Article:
I’m passionate about customer-relationship management (CRM); I love it. But though the software itself is important – it must be stable, easy to use, and loved by users – it’s not the CRM products themselves that I find the most fascinating. What’s more interesting to me is the customer journey across a business that they seek to map out.
Often, we see companies that simply decide to buy a CRM (because they think they should) and pass it on to the IT team for implementation. Unfortunately (but not surprisingly), this usually ends in failure, because CRM is not an IT issue until much later in the piece.
It keeps coming back to customer-centricity
Instead, first and foremost, and we’ve talked about this a lot, CRM is about having your customer at the core of your business. It’s no longer about looking inwards as a company but instead about really looking at and understanding your customers – who they are and what their business and people issues are – and providing them with solutions.
Here at Squiz, we’re in a B2B business, so we talk to many stakeholders on the client side. And for each of them, we need to understand where they are in their journey, and we need to make sure we can help them.
Tackling your touchpoints
So yes, with CRM, you put the customer at the heart of everything. But more than that, if you want your CRM implementation to be successful, then it’s absolutely essential to work on your internal business processes.
Usually, this kicks off with an audit and, again, that all-important customer journey. You need to understand the full story the customer has with your business and, particularly, what makes this relationship successful for them. What are the main touchpoints – the moments of truth.
Once you have this journey map, it’s time to start working on each individual touchpoint. Who owns this touchpoint across the business? That touchpoint? What are the measures of success? What is the best experience for your customer at this point in the journey? What potential impact does it have on other touchpoints? That’s how you’ll pinpoint your business processes and highlight for other company departments and stakeholders why it’s important to know what happens at any given touchpoint. Repeat this exercise for every touchpoint and share the information.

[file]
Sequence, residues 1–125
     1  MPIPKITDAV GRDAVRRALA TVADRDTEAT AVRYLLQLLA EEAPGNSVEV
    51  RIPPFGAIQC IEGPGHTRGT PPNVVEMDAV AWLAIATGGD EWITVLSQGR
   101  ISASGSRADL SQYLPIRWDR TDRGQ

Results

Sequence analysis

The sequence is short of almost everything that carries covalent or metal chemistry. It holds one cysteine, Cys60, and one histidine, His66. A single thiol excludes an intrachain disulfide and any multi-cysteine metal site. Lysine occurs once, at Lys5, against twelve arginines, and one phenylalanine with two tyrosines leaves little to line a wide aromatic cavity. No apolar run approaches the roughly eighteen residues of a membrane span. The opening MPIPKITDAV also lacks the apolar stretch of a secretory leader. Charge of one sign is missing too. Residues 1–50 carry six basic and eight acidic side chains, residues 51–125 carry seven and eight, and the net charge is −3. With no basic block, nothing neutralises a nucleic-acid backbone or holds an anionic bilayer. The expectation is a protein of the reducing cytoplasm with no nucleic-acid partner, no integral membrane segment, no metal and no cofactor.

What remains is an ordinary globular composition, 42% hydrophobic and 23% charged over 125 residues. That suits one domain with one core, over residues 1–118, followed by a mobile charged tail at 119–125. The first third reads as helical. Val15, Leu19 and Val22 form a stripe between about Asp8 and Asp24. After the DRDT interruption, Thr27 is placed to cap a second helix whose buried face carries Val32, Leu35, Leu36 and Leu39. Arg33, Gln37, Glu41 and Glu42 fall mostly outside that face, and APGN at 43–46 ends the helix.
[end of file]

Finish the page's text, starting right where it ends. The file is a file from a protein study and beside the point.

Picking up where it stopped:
By going through this process, you gain a better understanding of what information you need to capture and measure to provide your customers with the best possible experience. You need this full view of your customers, so it has to be seamless and good, especially if you’re in a long-life cycle.
Another benefit? This introspective work will create more collaboration within your teams: identifying gaps, finding solutions, and understanding how to work better together.
Four steps towards success
So to recap, succeeding with CRM means basically following a four-pronged process:
- thoroughly reviewing your business processes
- identifying the gaps
- looking at the interactions you have with your customers
- understanding the data you need to capture and monitor throughout the customer journey to make your customers happy.
Doing this will form the basis for all of your business requirements and for your CRM implementation.
Where do you fall in your customers’ journey? What are you responsible for at your particular touchpoint? Please share your experiences and comments below.